Christian Cubitt, director of communications and engagement at RICS, joins us for a chat on the incredible places his comms career has taken him, as well as his tips for an aspiring professional. Read on for Christian's fascinating responses.
Why did you choose to pursue a role in communications? For example, has it always been your passion or was it pure happenstance?
If I’m honest it was by complete chance. I left University having completed a Masters in European Political Economy and with a vague notion that I wanted to do something related to Government, though didn’t really know what. I was offered a place on the graduate training scheme for Hill & Knowlton and ended up working in the corporate technology practice there, which gave me a solid grounding in communications and was hugely enjoyable. I stayed for about 18 months before leaving to become a government press officer in what was then the Office of the Deputy Prime Minister. And the rest, as they say, is history!
What personal skills or attributes do you think are most important for a communications role? Why these skills/attributes in particular?
The best communicators are those that can listen. The most successful campaigns — whether in the political, the corporate or the consumer world, are those that really tap into what their audience wants and to do that you have to have listened and understood first. That ability to listen also requires the need to be flexible — to have heard what your audience has told you and where necessary change approach, especially when what your audience is telling you is not something you (or your business) wants to hear!
What sort of challenges do you face in your role? Is there a particular challenge that you experienced in the past that stood out?
All communications professionals will have experienced at one time or another the challenge that everyone else knows how to do their job. Whether its creating content for a campaign, writing a press release, speech or line to take, there’s always a technical expert who wants to rewrite your content to make it far more esoteric which invariably won’t then land with the audience. There is also the challenge that when you work on large high profile issues, everyone has an opinion on how you are doing your job. Having spent time (on three occasions) working in the Prime Minister’s press office at No10 you become very attuned to the fact that everyone will tell you how you could be handling an issue better, making a more persuasive argument, or generally not being so useless! The trick is always to distill down the commentary into those pieces of genuinely meaningful information which you can use to refine your approach.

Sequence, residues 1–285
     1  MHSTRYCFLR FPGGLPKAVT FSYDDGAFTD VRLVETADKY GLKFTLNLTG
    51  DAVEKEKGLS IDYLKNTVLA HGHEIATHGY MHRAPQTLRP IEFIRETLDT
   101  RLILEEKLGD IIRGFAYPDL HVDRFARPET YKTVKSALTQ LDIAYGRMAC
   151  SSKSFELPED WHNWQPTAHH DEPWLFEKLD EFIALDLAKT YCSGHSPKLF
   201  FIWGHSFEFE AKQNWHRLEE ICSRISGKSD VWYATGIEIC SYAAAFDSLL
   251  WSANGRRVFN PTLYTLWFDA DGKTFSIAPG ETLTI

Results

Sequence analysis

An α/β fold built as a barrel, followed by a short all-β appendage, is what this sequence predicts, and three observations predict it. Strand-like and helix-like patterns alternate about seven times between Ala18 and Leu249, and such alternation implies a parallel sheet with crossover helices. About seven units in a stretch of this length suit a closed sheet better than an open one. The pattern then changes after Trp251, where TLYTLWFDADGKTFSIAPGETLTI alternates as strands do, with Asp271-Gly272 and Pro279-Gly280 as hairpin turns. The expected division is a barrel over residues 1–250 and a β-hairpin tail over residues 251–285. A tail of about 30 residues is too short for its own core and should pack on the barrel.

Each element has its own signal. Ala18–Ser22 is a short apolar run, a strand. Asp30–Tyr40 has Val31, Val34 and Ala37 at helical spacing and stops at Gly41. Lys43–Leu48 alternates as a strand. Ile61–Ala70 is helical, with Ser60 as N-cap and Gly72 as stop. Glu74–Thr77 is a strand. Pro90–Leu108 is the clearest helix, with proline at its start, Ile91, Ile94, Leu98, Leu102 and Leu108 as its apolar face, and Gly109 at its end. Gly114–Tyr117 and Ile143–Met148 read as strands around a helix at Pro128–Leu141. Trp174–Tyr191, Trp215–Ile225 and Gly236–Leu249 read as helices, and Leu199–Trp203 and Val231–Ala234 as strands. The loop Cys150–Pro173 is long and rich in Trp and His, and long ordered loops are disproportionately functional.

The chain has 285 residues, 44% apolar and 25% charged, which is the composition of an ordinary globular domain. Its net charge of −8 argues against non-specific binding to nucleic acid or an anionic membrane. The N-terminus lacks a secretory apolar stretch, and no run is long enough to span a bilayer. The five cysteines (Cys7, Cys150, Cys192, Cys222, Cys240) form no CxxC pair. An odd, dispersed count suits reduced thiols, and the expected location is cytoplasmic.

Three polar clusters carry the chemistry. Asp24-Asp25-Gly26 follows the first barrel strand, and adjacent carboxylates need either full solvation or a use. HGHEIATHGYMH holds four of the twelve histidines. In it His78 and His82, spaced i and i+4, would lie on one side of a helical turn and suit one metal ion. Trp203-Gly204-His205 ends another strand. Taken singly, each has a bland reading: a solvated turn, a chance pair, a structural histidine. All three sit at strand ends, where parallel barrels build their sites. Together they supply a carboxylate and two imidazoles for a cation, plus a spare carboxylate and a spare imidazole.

How is the role of communications perceived in your organisation?
The vast majority of colleagues, and certainly the organisational structure, get the value, importance and relevance of good communications and the fact that the Executive Director for Brand and Communications has a seat at the Executive Table is testament to that.
What advice would you give to those at the start of their career in communications?
Firstly, seize every opportunity that comes along. I’ve seen a real growth in secondments, internships, placements, and so on during my career. They are hugely beneficial and can teach you new skills, build new networks, and open up whole new avenues that you hadn’t previously considered. And secondly, and most importantly, enjoy it. Communications is a hugely rewarding and enjoyable career path which allows you to do some incredible things. Over two decades I’ve played war games on aircraft carriers in the English Channel, briefed the parliamentary lobby in the heart of Westminster, had front page stories (good and bad), been to refugee camps in Lebanon, and dined with the power elite at Davos — there is never a dull moment!
What do you think the secret of success is when working in communications?
Be ready for anything!
We at React & Share live for helping communications teams through understanding website content sentiment and improving it off the back of feedback. How do you and your team approach content improvement?
Always listen to your audience. They know what they want to see so make sure you know what content they actually want to engage with rather than what you think they should be looking at.